We have become disoriented, I believe; we have suffered a kind of psychic dislocation of ourselves in time and space…. I doubt that any of us knows where he is in relation to the stars and to the solstices. Our sense of the natural order has become dull and unreliable. Like the wilderness itself, our sphere of instinct has diminished in proportion as we have failed to imagine truly what it is.

The imaginative experience, inspired by the images and symbols of language, becomes a form of salvation. Just as language takes apart and distances, it can also put together. When this crisis of imagination is healed, restoration takes place. Those who understand the potential of words as accumulated energy, as visualization of the physical, can find balance and wholeness. Words used properly and in context, whether in written prose or in the oral form of prayer and incantation, return us to ourselves and to our place in the world. They unify the inner and outer. In this respect, for Abel and for the reader, House Made of Dawn works much like the Night Chant. It focuses the imagination, creates a one-pointedness of mind through concrete images. It breaks down and then builds momentum, using the two forces to restore balance.

Language as accumulation is a means of intensifying the power of words. This accumulation combined with the exorcistic, or release, sections of the book takes Abel on a journey of healing, a return to the sacred and to the traditional. When words take on these powers, one is careful with them, careful not to dilute and diminish their meanings as white people have done. Each word needs to carry weight, and this is central to Momaday's understanding of language as a distillation where meaning is intensified by careful use of words. When Tosamah speaks of his grandmother, he shows an understanding of both the healing function of condensed language and the importance of the imaginative journey, guided by words:

She was asking me to go with her to the confrontation of something that was sacred and eternal. It was a timeless, timeless thing…. You see, for her words were medicine; they were magic and invisible…. And she never threw words away.

Tosamah is able through language to reach some "strange potential of Himself." The ability to say, in poetic form, that which is unspeakable, to create and hold an image in the mind, gives language its power. What is spoken is seen. Words draw images and symbols out of the mind. They take hold of the moment and make it eternal. Tosamah, who in a sense speaks for Momaday, reaches that "strange potential" by experiencing the language he has spoken. He speaks as an inspired poet. As mythically the word created the earth, Tosamah's language creates vision. He is inspired by the language that speaks through him and by its capacity to recover, mentally, the world from which people have become divided. As Octavio Paz says of the poet, [in Alternating Current], "Through the word we may regain the lost kingdom and recover powers we possessed in the far-distant past. These powers are not ours. The man inspired, the man who really speaks, does not say anything personal; language speaks through his mouth."

Language, speaking through Tosamah, restores him to unity with the world. After his speech, he steps back from the lectern, and "In his mind the earth was spinning and the stars rattled around in the heavens. The sun shone, and the moon." He recognizes that a single star is enough to fill the mind and that the value of language lies in its ability to operate on the mind.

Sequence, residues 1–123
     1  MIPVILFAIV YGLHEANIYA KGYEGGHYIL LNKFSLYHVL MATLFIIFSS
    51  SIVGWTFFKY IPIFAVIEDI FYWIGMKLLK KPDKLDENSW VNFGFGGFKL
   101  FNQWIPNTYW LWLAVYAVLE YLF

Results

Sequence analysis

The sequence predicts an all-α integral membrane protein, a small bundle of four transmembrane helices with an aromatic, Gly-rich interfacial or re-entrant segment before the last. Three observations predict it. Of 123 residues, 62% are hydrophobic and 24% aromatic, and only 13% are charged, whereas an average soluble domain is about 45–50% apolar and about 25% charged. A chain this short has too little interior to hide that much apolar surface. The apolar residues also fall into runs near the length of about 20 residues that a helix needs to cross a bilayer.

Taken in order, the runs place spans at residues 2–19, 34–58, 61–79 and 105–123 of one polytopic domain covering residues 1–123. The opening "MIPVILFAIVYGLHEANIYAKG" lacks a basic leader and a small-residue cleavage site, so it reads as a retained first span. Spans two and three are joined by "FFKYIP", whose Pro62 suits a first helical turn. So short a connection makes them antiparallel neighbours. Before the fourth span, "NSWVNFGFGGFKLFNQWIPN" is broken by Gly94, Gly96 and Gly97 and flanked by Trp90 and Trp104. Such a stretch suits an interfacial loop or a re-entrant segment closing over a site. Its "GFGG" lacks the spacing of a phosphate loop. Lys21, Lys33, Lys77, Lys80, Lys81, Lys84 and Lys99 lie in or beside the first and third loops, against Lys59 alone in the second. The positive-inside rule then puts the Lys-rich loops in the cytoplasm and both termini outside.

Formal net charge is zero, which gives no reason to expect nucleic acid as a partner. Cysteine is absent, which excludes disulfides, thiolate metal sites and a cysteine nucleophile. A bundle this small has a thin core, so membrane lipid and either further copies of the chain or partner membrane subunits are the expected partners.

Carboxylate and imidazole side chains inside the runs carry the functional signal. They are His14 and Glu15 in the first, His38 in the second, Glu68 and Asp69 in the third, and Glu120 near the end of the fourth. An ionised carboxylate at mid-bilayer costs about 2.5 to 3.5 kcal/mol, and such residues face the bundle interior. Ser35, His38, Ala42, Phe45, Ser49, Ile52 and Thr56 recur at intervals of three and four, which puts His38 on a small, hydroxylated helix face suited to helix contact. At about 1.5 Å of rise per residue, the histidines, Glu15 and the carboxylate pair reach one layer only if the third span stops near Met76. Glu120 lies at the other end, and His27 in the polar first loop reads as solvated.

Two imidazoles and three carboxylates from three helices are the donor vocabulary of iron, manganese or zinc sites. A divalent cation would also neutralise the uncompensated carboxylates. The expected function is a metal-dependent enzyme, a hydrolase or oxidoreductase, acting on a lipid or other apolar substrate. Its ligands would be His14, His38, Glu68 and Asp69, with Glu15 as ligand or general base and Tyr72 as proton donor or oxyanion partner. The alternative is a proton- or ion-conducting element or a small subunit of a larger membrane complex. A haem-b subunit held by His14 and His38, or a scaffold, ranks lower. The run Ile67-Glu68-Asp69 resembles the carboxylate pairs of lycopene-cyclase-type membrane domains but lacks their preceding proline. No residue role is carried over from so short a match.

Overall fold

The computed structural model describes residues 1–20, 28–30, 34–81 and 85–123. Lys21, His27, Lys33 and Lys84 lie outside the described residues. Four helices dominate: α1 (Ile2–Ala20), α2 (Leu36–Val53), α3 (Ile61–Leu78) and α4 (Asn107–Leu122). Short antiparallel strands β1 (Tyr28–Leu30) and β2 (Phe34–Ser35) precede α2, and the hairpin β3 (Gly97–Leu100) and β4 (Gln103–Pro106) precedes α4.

Abel also realizes his potential through language, through Benally's recitation of the Night Chant and through Francisco's memories that are "whole." As in the Night Chant, order is achieved through an imaginative journey: Benally takes Abel through this step-by-step process of visualization, singing parts of the Night Chant ceremony. Understanding the power words hold and the sacred action they contain, he sings quietly:

       Restore my feet for me;
       Restore my legs for me,
       Restore my body for me,
       Restore my mind for me,
       Restore my voice for me.

This excerpt from the Night Chant allows the hearer to visualize each part of the body being healed, from the feet up to the voice. The purpose of describing health is to obtain health. This purpose is furthered by taking the patient on an imaginative journey and returning him, restored to himself. Sam Gill, talking about the nature of Navajo ceremonials [in his "Prayer as Person," History of Religions 17, No. 2 (1977)], points out that "The semantic structure of the prayer is identical to the effect the prayer seeks, the restoration of health." Benally continues, and his singing returns Abel home to his grandfather, Francisco:

       Happily I go forth.
       My interior feeling cool, may I walk.
       No longer sore, may I walk.
       Impervious to pain, may I walk.
       With lively feelings, may I walk.
       As it used to be long ago, may I walk.
       Happily may I walk.

Francisco's dying memories continue the journey, completing the ceremony for Abel. The memories are similar to those Abel experiences in the first section of the book, and they symbolically connect the two men, using identification, which is also an important function of the language in the Night Chant, where the patient and singer identify with the holy ones. Because "the voice of his memory was whole and clear and growing like the dawn," Francisco's words finally restore Abel. Abel, running, at the end of the book, is finally able to sing, and the words he hears are from the Night Chant: "House made of pollen, house made of dawn."